Big Sal and Hosmer go deep to power Royals past Yanks
After some recent scuffling, the Royals offense showed some signs of life Saturday night. If Eric Hosmer, Billy Butler, Alex Gordon, Salvador Perez and Lorenzo Cain all get hot together, the team surely will go on the extended run manager Ned Yost envisioned.
Eric Hosmer's 427-foot blast was a welcome sight, considering how desperately the Royals need their No. 3 hitter to get into a groove.
Charlie Riedel / Associated Press
By Jeffrey Flanagan
KANSAS CITY, Mo. -- The three-run bomb from Salvador Perez came a day later.
But it was needed just as much.
Perez came up with two men on in the bottom of the ninth Friday night with a chance to win the game against the Yankees. He grounded out, ending the game.
But on Saturday night, in a 3-3 tie, Perez came up with two on again -- this time in the sixth. He unloaded a three-run shot over the left-field fence to propel the Royals to an 8-4 win, squaring the series at 1-1.
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Perez, like many other Royals, has been scuffling lately. But he came through with three hits on the night.
"It's not easy," Perez said, "but it's coming."
Eric Hosmer also added a monstrous blast, just his second homer of the season.
"But he's ahead of his pace from last season," said manager Ned Yost, smiling.
Hosmer didn't hit his second homer of 2013 until June 13.
-- The Alex train keeps chugging. Alex Gordon came into the game hitting .290 and keeps climbing toward .300. He's at .291 now. He got the Royals' offense going by smashing a double down the right-field line to score Billy Butler and give the Royals a 1-0 lead in the second. Gordon then scored on Lorenzo Cain's single. Gordon helped the big rally in the sixth, too, by drawing a walk, as did Butler before him.
"Just two professional at-bats there to draw the walks," Yost said.
Added Hosmer: "That's what it takes to win, knowing the situation and knowing you have to get on. Great job by Bill and Alex." That set up Perez's three-run bomb.
-- LoCain train doing just fine, too. Cain keeps contributing to the offense as well, piling up three more hits Saturday. He singled in the second and scored, tripled in the sixth and scored, and singled in the seventh. Cain pushed his average to .331 and, along with Gordon, is red hot.
"We don't even know his full potential," Yost said. "He's still growing as a hitter."
-- Welcome sight, Hoz. Hosmer was 11 for 71 before belting a drive over the right-field bullpen for just his second home run of the season. The blast carried 427 feet, and might have been the most welcome sight of the night considering how desperately the Royals need their No. 3 hitter to get into a groove.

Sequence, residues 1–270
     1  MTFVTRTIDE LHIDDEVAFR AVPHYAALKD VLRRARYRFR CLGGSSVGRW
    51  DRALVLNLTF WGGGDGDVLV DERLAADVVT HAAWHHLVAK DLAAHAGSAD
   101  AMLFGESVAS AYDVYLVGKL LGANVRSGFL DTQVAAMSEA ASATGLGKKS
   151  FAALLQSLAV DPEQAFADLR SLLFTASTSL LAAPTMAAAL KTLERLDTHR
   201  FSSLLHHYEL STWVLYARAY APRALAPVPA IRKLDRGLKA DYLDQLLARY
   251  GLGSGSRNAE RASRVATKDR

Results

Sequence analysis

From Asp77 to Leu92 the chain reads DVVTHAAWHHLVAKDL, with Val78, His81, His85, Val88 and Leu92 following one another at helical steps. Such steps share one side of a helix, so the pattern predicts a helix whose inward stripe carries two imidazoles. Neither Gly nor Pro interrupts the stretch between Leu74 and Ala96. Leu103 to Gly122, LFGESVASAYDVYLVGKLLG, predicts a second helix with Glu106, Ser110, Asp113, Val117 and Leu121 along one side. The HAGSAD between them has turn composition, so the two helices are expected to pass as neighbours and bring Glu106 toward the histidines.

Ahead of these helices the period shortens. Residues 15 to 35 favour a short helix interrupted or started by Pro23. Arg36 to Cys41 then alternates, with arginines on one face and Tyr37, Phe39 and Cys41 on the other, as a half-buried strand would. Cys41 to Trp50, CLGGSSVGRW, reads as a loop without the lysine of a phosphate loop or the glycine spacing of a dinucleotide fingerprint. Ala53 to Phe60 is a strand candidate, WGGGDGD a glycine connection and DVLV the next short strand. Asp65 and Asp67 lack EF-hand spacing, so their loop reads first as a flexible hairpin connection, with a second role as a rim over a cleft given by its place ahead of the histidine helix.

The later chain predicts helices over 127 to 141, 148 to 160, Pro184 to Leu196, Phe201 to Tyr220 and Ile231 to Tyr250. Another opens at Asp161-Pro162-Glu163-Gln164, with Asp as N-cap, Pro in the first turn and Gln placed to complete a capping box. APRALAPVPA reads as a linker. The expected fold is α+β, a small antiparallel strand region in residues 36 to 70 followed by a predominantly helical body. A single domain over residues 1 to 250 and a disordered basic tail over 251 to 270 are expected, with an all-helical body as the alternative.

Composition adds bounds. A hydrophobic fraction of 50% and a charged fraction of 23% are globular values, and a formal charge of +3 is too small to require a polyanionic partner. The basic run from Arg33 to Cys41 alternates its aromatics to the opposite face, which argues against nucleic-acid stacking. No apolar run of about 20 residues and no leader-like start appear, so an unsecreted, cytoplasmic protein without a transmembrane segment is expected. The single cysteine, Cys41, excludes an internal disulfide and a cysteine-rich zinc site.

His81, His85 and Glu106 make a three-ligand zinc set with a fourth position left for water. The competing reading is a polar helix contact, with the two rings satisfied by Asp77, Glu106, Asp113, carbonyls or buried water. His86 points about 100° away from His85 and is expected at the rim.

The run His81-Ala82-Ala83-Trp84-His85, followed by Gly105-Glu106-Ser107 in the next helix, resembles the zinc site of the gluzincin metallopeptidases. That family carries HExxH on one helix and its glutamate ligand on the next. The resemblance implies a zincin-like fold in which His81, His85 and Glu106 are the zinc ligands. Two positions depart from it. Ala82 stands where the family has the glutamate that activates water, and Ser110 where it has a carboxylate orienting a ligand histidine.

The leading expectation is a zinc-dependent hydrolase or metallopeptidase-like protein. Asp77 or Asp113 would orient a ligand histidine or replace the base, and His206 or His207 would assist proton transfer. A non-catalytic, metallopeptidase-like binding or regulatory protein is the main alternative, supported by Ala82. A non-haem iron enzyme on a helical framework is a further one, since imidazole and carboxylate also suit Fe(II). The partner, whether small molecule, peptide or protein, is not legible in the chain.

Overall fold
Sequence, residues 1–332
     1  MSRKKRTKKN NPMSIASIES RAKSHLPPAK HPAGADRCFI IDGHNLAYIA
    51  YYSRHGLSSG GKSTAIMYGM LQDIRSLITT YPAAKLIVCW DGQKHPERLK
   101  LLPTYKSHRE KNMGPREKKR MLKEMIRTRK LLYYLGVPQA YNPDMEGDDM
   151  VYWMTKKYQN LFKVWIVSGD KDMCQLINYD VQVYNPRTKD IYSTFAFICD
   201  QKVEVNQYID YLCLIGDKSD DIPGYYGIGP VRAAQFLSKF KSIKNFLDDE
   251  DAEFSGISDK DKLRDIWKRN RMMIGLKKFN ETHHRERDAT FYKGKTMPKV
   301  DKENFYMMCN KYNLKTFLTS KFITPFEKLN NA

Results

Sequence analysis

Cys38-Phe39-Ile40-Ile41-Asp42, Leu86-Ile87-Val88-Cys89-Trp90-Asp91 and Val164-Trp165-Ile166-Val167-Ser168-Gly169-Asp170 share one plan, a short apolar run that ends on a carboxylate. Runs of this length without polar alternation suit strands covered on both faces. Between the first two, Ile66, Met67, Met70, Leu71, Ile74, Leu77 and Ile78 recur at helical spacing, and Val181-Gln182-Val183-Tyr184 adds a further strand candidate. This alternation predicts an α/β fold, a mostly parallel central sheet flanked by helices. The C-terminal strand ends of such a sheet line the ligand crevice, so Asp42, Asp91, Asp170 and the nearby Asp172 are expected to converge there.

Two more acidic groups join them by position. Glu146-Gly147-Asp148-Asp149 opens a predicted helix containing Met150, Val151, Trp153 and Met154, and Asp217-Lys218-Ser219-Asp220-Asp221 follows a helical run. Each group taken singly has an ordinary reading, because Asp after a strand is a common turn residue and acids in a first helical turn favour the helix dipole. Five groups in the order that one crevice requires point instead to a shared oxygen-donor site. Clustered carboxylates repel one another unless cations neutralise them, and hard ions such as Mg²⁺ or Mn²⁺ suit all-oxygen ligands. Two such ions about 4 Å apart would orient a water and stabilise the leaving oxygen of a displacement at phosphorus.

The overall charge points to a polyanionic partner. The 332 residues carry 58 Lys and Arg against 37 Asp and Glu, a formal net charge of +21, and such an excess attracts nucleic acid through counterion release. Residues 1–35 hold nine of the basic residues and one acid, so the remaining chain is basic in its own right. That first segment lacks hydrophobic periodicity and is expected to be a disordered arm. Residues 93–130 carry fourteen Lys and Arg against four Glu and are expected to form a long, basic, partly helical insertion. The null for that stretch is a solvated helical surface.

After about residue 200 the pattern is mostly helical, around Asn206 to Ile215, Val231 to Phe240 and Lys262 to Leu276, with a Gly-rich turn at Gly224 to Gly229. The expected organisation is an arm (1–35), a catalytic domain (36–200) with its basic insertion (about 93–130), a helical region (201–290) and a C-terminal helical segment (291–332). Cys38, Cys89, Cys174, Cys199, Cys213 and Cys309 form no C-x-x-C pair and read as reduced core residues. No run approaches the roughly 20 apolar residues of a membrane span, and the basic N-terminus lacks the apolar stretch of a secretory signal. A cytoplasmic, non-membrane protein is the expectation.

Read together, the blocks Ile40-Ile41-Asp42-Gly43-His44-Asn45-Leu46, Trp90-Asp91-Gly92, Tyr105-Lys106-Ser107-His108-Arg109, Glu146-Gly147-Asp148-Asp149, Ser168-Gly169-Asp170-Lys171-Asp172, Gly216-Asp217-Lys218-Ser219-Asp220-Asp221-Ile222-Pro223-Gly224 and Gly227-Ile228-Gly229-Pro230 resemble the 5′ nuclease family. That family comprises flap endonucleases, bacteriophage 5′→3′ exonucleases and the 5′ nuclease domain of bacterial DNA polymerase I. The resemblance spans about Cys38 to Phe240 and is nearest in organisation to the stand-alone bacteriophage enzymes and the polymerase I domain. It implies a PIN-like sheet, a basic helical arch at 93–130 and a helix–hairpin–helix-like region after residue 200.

"Oh yeah, that felt very good," Hosmer said. "Any time you're struggling, it helps to really connect with one. Even in my last at-bat after that, I felt more relaxed."
If Hosmer, Butler, Gordon, Perez and Cain get hot together, the Royals surely will go on an extended run as Yost envisioned they would soon. Hoz's only other homer this year came May 5 at San Diego.
-- The Moose bunt. The Royals had right-hander David Phelps on the run in the second inning when four straight hitters delivered hits. But with runners on first and second, Mike Moustakas attempted a sacrifice bunt on his own. Moose pushed a poor bunt toward Phelps, who had an easy force at third.
This wasn't a sound strategy. This was a pitcher struggling and a pitcher Moose probably could have done some damage to (Moose singled sharply his next time up). Giving Phelps an easy out by sacrifice bailed him out. And then not executing the sacrifice bunt really helped Phelps prevent a bigger inning.
-- Tough luck for Danny. Danny Duffy deserved a better fate. Duffy pitched brilliantly for five innings before running into a little jam in the sixth. With one out, Derek Jeter poked a seeing-eye single to right. Then Duffy got Jacoby Ellsbury on a routine fly. Duffy got ahead of Mark Teixeira 1-2 but then lost him after a long battle.
"Tip your hat to him," Duffy said. "I probably threw the best changeup of the season to him on 2-2 and he spit on it."
The walk put two runners on. Then Carlos Beltran on the first pitch doubled into the corner to pull the Yanks within 3-1. That was the only hard-hit ball off Duffy all night. "It wasn't a bad pitch," Duffy said. "It was up and off the plate."
But Duffy's night ended when Yangervis Solarte blooped a single to right center just out of Cain's grasp. That two-run single tied it and spoiled a really solid outing by Duffy until then.
-- Could have been more. The Yanks were a bit fortunate to have tied the game at 3-3, having hit only one ball really hard. Meanwhile, the Royals could have blown this one out early but hit into some horrible luck.
With two on and one out in the second, Nori Aoki blistered a liner right at Ellsbury in center field. Then, with runners on first and third and one out in the fourth, Alcides Escobar hit a laser right back to Phelps, who while defending himself also happened to make the catch. Phelps then got a double play by getting Moustakas at first. In the fifth, Aoki again sizzled a liner that nearly took off Solarte's head at third, but Solarte made a nice catch.